Section 17.3.1 of [RFC9000]) except using the Channel ID instead of a
   Connection ID.  The packets are protected with the keys from
   MC_CHANNEL_PROPERTIES for the corresponding channel.

   Data packet hashes will also be sent in MC_CHANNEL_INTEGRITY frames,
   as keys cannot be trusted for integrity due to giving them to too
   many receivers, as in [I-D.draft-krose-multicast-security].

   The 1-rtt packets in multicast channels will have a restricted set of
   frames.  Since the channel is strictly 1-way server to client, the
   general principle is that broadcastable shared server->client data
   frames can be sent, but frames that make sense only for
   individualized connections cannot.

   Permitted:

   *  PADDING Frames ([RFC9000] Section 19.1)

   *  PING Frames ([RFC9000] Section 19.2)

   *  RESET_STREAM Frames ([RFC9000] Section 19.4)

   *  STREAM Frames ([RFC9000] Section 19.8)

   *  DATAGRAM Frames (both types) ([RFC9221] Section 4)

   *  PATH_CHALLENGE Frames ([RFC9000] Section 19.17)

   *  MC_CHANNEL_PROPERTIES

   *  MC_CHANNEL_LEAVE (however, join must come over unicast?)

   *  MC_CHANNEL_INTEGRITY (not for this channel, only for another)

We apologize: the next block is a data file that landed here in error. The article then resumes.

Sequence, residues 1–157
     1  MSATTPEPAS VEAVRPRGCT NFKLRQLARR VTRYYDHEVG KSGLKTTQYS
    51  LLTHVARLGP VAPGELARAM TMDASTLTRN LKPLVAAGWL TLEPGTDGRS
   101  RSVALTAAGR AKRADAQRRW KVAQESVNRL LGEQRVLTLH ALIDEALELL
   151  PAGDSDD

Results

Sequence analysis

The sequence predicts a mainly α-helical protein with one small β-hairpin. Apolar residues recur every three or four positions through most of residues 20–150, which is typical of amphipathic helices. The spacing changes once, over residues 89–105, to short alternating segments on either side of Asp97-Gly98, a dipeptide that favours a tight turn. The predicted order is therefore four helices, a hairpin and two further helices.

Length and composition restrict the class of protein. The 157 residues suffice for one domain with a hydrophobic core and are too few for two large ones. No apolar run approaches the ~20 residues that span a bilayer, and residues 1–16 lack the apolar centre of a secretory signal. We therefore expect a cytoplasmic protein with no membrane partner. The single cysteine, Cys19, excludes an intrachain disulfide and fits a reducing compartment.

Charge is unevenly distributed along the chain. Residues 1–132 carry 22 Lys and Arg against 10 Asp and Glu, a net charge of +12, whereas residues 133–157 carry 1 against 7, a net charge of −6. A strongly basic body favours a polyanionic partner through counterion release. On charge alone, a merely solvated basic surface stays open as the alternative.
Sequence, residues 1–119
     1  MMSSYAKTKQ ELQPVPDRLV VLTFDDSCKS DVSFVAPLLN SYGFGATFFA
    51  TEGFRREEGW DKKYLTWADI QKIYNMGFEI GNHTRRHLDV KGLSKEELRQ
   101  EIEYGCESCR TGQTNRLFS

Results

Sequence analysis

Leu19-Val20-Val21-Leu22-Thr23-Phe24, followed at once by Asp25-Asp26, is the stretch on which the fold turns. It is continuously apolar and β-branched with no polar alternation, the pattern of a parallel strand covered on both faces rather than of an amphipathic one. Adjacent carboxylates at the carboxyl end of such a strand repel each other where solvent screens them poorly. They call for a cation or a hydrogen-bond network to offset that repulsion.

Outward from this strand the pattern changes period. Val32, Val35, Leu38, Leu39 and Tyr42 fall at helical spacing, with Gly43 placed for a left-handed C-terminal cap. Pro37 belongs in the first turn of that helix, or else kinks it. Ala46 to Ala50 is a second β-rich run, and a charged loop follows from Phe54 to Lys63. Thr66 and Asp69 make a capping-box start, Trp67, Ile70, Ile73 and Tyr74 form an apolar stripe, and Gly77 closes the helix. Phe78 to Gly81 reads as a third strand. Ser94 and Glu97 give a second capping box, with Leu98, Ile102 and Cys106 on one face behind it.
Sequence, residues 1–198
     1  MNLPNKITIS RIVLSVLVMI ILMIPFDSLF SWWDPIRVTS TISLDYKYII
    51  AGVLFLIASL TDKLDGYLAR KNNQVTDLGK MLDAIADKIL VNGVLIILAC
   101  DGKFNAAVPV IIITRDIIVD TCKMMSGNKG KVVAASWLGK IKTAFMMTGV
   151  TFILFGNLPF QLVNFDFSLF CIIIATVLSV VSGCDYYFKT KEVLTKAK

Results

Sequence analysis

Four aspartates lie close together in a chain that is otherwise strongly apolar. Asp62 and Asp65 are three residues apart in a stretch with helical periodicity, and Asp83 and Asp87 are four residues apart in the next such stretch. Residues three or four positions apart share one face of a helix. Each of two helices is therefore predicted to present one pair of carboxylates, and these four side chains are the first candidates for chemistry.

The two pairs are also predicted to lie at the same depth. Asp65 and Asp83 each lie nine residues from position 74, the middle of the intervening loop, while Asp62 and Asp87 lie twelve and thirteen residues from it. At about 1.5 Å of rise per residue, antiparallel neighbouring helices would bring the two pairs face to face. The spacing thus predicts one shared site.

*  MC_STREAM_BOUNDARY_OFFSET

   *  MC_CHANNEL_RETIRE



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   Not permitted:

   *  19.3.  ACK Frames

   *  19.6.  CRYPTO Frames (crypto handshake does not happen on mc
      channels)

   *  19.7.  NEW_TOKEN Frames

   *  Flow control is different:

      -  19.5.  STOP_SENDING Frames

      -  19.9.  MAX_DATA Frames (flow control for mc channels is by
         rate)

      -  19.10.  MAX_STREAM_DATA Frames

      -  19.11.  MAX_STREAMS Frames

      -  19.12.  DATA_BLOCKED Frames

      -  19.13.  STREAM_DATA_BLOCKED Frames

      -  19.14.  STREAMS_BLOCKED Frames

   *  Channel ID Migration can't use the "prior to" concept, not
      0-starting

      -  19.15.  NEW_CONNECTION_ID Frames

      -  19.16.  RETIRE_CONNECTION_ID Frames

   *  19.18.  PATH_RESPONSE Frames

   *  19.19.  CONNECTION_CLOSE Frames